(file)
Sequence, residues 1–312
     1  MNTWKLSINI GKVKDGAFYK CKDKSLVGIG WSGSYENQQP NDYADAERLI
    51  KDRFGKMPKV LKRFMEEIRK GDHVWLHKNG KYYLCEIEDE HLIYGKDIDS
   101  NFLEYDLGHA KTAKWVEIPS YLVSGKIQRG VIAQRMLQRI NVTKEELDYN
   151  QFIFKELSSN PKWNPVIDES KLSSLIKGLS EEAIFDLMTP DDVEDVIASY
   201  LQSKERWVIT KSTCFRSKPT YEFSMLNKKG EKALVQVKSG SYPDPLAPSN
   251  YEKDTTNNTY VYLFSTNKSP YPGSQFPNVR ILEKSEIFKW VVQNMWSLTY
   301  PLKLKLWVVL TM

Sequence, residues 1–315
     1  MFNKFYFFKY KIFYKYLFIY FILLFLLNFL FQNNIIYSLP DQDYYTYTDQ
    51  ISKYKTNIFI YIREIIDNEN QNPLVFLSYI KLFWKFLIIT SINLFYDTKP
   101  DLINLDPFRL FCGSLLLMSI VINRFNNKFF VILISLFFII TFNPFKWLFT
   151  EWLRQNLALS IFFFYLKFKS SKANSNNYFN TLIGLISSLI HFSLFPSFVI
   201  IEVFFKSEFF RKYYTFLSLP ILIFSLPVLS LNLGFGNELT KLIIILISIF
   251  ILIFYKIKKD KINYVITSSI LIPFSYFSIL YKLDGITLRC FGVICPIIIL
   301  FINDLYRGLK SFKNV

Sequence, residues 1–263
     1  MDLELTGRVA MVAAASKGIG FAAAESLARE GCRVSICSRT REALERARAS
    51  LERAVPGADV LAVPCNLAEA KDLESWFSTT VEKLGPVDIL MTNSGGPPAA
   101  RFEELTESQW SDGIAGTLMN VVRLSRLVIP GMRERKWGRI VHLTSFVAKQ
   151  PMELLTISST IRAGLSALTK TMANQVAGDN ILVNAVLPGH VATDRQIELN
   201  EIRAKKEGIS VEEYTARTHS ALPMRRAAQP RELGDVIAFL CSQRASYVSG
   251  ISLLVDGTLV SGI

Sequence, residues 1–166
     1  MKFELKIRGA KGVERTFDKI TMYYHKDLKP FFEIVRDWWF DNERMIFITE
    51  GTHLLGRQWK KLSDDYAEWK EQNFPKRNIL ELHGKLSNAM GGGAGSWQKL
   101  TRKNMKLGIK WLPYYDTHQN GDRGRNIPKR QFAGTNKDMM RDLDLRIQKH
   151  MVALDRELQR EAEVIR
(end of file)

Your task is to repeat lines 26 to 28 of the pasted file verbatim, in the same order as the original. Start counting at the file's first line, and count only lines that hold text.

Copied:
    51  GTHLLGRQWK KLSDDYAEWK EQNFPKRNIL ELHGKLSNAM GGGAGSWQKL
   101  TRKNMKLGIK WLPYYDTHQN GDRGRNIPKR QFAGTNKDMM RDLDLRIQKH
   151  MVALDRELQR EAEVIR